Independent Commission for Aid Impact publishes report on DFID’s Empowerment and Accountability Programming in Ghana and Malawi
The Independent Commission for Aid Impact (ICAI) has published a report today on the DFID’s Empowerment and Accountability Programming in Ghana and Malawi. The overall rating for the programmes we examined is Green-Amber.
DFID has made a strong commitment to promoting development through the empowerment of citizens. It has pledged to support 40 million people to have more control over their own development and to hold their governments to account. Currently, it has empowerment and accountability programmes in twelve African and five Asian countries. ICAI assessed three programmes that aim to strengthen citizen engagement with government.
ICAI examined twenty two projects in Ghana and Malawi at different stages of development: two grant-making funds for civil society organisations (CSOs) and a project that supports community monitoring of local services. With a combined budget of £41 million, these programmes support a wide range of activities, from helping local communities to become more engaged in the running of local schools to civil society campaigns on the management of the oil and gas sector in Ghana.
Graham Ward, ICAI Chief Commissioner, said: “The social accountability programmes that we examined are achieving some promising results by empowering communities to engage, constructively, with government to resolve problems with the delivery of public services and development programmes. By contrast, support for advocacy by Civil Society Organisations at the national level has had more limited impact and seems unlikely to generate significant improvements in government accountability.”
ICAI found that the social accountability programmes we examined were helping to address obstacles to the delivery of public services and development programmes.
The support for CSO advocacy produced more limited results. We are concerned that, when designing its programmes, DFID tends to default to CSO grant-making, which is not always the most strategic option.
Lead Commissioner for the report, Diana Good, added: “We endorse DFID’s new focus on empowering people. We found that the most successful initiatives involved helping communities to build on existing capacities to find solutions which benefited both the community and the government service provider. Clearer and more realistic goals, with stronger criteria for delivery decisions, would help to maximise results.”
ICAI recommends that:
- Promoting constructive community engagement with government around the delivery of public services and development programmes should be the principal focus of DFID’s social accountability programmes and a shared goal with its sector programmes. When scaling up successful social accountability initiatives, direct grants to national CSOs to work with local communities are likely to be more effective than competitive grant-making.
- DFID’s support for CSO advocacy and influencing at the national level should be more targeted, with smaller portfolios, longer partnerships and more tailored capacity-building support.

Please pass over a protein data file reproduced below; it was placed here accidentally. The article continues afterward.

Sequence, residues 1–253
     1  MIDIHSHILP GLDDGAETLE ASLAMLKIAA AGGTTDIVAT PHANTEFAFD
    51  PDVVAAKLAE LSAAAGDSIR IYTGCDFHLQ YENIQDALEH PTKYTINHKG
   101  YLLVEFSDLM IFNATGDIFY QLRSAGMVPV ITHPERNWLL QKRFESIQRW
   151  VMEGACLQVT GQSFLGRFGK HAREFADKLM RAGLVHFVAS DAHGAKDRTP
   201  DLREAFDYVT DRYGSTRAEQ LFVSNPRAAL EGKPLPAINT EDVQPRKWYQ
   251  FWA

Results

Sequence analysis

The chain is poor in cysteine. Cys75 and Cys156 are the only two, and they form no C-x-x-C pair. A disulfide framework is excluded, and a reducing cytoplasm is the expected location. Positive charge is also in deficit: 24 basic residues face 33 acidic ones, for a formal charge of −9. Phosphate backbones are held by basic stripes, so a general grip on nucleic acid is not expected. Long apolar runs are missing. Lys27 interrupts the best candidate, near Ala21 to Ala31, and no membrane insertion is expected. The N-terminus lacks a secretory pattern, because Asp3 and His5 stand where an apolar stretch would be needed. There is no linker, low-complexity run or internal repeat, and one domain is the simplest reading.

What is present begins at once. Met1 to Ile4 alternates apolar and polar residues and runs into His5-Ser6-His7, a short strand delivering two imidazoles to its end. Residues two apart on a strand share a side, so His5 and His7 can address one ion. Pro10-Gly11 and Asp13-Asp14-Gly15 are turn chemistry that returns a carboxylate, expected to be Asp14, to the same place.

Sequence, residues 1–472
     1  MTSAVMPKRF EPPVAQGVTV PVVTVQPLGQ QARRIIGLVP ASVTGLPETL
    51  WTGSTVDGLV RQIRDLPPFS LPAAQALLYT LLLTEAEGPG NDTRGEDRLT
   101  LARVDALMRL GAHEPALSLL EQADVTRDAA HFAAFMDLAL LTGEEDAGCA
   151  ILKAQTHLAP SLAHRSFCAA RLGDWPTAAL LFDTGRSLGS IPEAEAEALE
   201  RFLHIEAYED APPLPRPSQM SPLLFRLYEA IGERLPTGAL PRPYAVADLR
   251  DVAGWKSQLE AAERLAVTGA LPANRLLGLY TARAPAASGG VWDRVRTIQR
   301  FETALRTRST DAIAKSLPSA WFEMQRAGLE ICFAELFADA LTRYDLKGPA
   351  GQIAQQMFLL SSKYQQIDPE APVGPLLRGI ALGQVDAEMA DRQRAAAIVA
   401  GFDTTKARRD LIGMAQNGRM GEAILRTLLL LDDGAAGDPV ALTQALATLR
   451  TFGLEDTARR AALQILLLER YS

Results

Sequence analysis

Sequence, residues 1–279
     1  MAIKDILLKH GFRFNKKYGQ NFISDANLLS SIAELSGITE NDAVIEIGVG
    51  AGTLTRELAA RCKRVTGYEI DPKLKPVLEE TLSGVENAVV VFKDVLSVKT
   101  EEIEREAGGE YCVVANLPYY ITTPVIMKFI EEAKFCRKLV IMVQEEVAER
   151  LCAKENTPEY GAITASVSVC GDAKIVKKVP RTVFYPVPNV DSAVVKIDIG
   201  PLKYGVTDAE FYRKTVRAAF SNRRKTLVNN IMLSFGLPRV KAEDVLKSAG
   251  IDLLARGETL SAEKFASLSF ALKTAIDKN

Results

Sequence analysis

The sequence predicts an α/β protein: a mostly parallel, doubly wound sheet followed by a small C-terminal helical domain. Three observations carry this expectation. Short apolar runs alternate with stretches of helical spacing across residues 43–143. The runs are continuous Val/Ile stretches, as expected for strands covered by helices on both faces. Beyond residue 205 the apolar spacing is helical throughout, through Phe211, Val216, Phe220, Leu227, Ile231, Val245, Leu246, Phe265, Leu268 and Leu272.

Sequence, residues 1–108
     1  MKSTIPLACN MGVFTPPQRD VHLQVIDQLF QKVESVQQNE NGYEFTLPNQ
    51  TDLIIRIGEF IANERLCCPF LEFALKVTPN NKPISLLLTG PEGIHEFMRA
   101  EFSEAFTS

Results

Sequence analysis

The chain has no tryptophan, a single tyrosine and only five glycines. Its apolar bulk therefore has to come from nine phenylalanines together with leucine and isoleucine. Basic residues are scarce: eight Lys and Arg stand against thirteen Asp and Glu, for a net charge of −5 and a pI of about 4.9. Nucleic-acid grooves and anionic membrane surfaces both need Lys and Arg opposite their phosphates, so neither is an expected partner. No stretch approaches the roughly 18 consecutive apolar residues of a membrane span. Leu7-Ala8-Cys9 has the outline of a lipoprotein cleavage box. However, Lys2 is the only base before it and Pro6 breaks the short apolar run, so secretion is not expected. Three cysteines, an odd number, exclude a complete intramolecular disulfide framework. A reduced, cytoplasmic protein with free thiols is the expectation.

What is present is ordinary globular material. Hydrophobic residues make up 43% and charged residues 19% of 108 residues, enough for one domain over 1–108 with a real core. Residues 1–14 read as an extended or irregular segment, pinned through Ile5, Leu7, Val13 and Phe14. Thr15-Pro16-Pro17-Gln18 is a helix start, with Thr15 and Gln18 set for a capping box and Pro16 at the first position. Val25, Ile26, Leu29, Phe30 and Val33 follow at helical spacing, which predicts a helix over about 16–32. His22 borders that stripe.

- Future social accountability programmes should be designed with the flexibility to test different approaches and scale up successful initiatives. DFID’s central policy team should guide this process of structured learning and ensure the continuous sharing of lessons among country offices and managing contractors and with relevant sector programmes.
Notes to editors:
– For further information please contact Sam Harrison on 020 7270 6742 or S-Harrison@icai.independent.gov.uk. The Independent Commission for Aid Impact (ICAI) is the independent body responsible for scrutinising UK aid. We focus on maximising the effectiveness of the UK aid budget for intended beneficiaries and on delivering value for money for UK taxpayers. For further details on ICAI, the workplan and for links to each report please visit www.independent.gov.uk/icai.
– ICAI’s Chief Commissioner is Graham Ward CBE. The three other Commissioners are: Mark Foster, John Githongo and Diana Good. Their biographies can be found on the ICAI website.
– These reports were prepared by ICAI with the assistance of KPMG LLP, Agulhas Applied Knowledge, Center of Evaluation for Global Action (CEGA) and the Swedish Institute for Public Administration (SIPU International).
– ICAI reports are written to be accessible to a general readership and we use a simple ‘traffic light’ system to report our judgement on each programme or topic we review, as follows:
I. Green: The programme performs well overall against ICAI’s criteria for effectiveness and value for money. Some improvements are needed.
II. Green-Amber: The programme performs relatively well overall against ICAI’s criteria for effectiveness and value for money. Improvements should be made.
III. Amber-Red: The programme performs relatively poorly overall against ICAI’s criteria for effectiveness and value for money. Significant improvements should be made.
IV. Red: The programme performs poorly overall against ICAI’s criteria for effectiveness and value for money. Immediate and major changes need to be made.